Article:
the intentional killing of a human being in MANUAL DELIVERY
the heat of passion, on a reasonable provoca-
tion, without malice and without premedita-

“Dominion," as applied to a conveyance, tion, and under circumstances which will not means “to pass the instrument of writing render the provocation justifiable or excus- from one man to another, as symbolic of his able homicide, and as a general rule it takes transferring the land to the person to whom an assault with personal violence to consti- it is delivered. Now the delivery must be tute such provocation. State v. Kelleher, 100 made. It must be had. If a man draws a S. W. 470, 475, 201 Mo. 614 (quoting and deed, and intends to deliver it, but never adopting definition in State v. McKenzie, 76 does, it is never a deed, because it is not conS. W. 1019, 177 Mo. 712). Where deceased summated by delivery, and that delivery must pursued and attacked accused, who had fled be an actual delivery; that is, the maker of after striking deceased with a stone, accus- the deed must intend to pass it over to the ed's act in killing deceased who had assault- grantee, the person to whom it is made. His ed him and struck him was manslaughter in dominion and right to the control over the the fourth degree, the assault and battery property as set out in the deed passes with being sufficient provocation to reduce the the delivery. Sometimes it is called 'manuhomicide to that offense. State v. Wilson, al delivery,' handing it over to him." Lan147 S. W. 98, 104, 242 Mo. 481.

caster v. Lee, 51 S. E, 139, 141, 71 S. C. 280. Gen. St. 1901, 8 2011 (Crimes Act, $ 16), defines “manslaughter in the fourth degree" MANUAL GIFT as the involuntary killing of another in the heat of passion, by means neither cruel nor the Louisiana Code as the giving of corporeal,

A "manual gift,” which is defined by unusual. State v. Knoll, 83 Pac. 622, 623, 72 movable effects accompanied by real delivery, Kan. 237; Same v. Moore, 100 Pac. 629, 630, may be free, onerous, or remunerative, and, 79 Kan. 688.

when the donor makes such a gift omnium “Manslaughter in the fourth degree" is bonorum on condition that the donation shall the involuntary killing of another in the heat maintain him for the rest of his life, it will of passion, or any homicide which would be be dealt with as an onerous donation and not manslaughter at common law, and which is as a commutative contract. Ackerman v. not excusable nor justifiable, or is not de- Larner, 40 South. 581, 587, 116 La. 101. clared to be manslaughter in some other degree. State v. Goldsby, 114 S. W. 500, 503,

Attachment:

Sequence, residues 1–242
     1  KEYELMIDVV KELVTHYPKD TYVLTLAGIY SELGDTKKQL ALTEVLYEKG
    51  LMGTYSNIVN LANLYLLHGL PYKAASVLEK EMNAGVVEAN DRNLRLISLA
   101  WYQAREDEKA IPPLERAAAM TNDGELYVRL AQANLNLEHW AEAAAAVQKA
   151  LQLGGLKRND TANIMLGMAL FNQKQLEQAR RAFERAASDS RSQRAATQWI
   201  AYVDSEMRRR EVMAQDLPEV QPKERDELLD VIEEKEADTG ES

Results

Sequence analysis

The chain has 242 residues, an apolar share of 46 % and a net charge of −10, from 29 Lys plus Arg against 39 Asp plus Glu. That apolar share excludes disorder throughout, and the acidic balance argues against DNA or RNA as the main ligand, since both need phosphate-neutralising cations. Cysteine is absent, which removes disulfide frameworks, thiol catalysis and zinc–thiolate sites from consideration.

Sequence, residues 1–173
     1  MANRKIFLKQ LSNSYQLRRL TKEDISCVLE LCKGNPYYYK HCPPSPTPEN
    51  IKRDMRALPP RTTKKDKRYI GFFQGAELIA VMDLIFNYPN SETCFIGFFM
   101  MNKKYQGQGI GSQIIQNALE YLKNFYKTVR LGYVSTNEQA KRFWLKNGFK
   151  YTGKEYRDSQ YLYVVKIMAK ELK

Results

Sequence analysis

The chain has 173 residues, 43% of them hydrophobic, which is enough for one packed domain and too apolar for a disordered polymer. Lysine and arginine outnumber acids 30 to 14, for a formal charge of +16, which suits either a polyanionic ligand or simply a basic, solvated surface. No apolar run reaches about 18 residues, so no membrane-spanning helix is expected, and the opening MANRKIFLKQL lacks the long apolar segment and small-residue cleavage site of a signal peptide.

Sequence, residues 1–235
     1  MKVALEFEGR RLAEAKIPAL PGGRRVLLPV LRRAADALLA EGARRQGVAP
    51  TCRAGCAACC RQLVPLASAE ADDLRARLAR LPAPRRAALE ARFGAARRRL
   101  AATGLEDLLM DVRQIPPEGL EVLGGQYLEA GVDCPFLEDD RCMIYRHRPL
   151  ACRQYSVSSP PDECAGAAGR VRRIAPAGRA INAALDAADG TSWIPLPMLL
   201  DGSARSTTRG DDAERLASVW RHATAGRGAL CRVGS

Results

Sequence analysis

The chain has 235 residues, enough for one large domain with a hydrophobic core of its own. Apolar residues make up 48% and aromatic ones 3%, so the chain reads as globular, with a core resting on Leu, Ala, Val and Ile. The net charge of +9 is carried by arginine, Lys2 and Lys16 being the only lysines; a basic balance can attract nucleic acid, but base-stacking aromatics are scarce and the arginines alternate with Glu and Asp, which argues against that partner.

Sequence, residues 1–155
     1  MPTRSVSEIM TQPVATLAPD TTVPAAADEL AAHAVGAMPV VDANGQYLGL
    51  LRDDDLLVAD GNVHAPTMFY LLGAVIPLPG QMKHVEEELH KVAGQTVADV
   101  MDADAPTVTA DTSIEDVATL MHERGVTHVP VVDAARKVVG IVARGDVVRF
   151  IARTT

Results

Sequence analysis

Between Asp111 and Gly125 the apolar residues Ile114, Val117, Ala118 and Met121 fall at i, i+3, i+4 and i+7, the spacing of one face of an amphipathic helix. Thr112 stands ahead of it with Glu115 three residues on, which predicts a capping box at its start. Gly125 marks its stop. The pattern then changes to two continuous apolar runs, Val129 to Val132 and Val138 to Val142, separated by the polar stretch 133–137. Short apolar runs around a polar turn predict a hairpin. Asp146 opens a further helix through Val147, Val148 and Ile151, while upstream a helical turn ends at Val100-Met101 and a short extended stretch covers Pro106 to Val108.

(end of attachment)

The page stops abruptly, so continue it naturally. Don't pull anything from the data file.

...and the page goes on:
MANUAL LABOR 215 Mo. 48 (citing 2 Bishop's Crim. Law [6th Ed.) 8 695).

The term "manual labor," in its ordiAn instruction that: “If the defendant nary and usual meaning and acceptation, shot and killed deceased while in the heat means labor performed by and with the hands of passion aroused by the striking of him or hand, and it implies the ability for such with a stick produced in evidence, and with sustained exercise and use of the hands or out malice or premeditation,

and hand at a labor as will enable a person therenot in necessary self-defense, then he is guil- by to earn or assist in earning a livelihood. ty of 'manslaughter in the fourth degree' Being able to temporarily use the hands or

"-was faulty in that it did not re- hand at and in some kind of labor, but withquire the jury to find that defendant inten- out ability to sustain such ordinary exercise tionally shot and killed deceased. State v. and use of the hands at some useful labor Elsey, 100 S. W. 11, 14, 201 Mo. 561.

whereby money may be earned to substanA killing resulting from an intentional tially assist in earning a livelihood at some shot, though without design to effect death, kind of manual labor, does not constitute is not involuntary, within Rev. St. 1898, s ability to perform manual labor. Grand 4362, declaring that involuntary killing in the Lodge Brotherhood of Locomotive Firemen v. heat of passion, etc., shall be deemed "man- Orrell, 69 N. E. 68, 69, 206 Ill. 208. slaughter in the fourth degree." Johnson v. When a person is employed to work with State, 108 N. W. 55, 58, 59, 129 Wis. 146, 5 his hands, as well as to exercise superintendL. R. A. (N. S.) 809, 9 Ann. Cas. 923.

ence, the line must be drawn somewhere beWhere accused shot his wife with a pis-tween what are acts of superintendence and tol in an alleged insane frenzy, resulting from what acts of “manual labor,” or all that he her alleged misconduct, the case did not pre-does must be regarded as superintendence or sent a killing within St. 1898, 8 4363, declar- as manual labor, which manifestly would be ing that every other killing of a human being unjust. Though the principal duty of an by the act, procurement, or culpable negli- employé at a stone quarry was that of supergence of another, where such killing is not intendence, his putting a can of powder on justifiable or excusable, or is not declared to the edge of the pit, whence it was accident. be murder or manslaughter in some other ally knocked into the pit, causing an explodegree, shall be deemed manslaughter in the sion, is not an act of superintendence, so as fourth degree. Duthey v. State, 111 N. W. to render the master liable for injury to a 222, 224, 131 Wis. 178, 10 L. R. A. (N. S.) workman from the explosion. Riou v. Rock1032.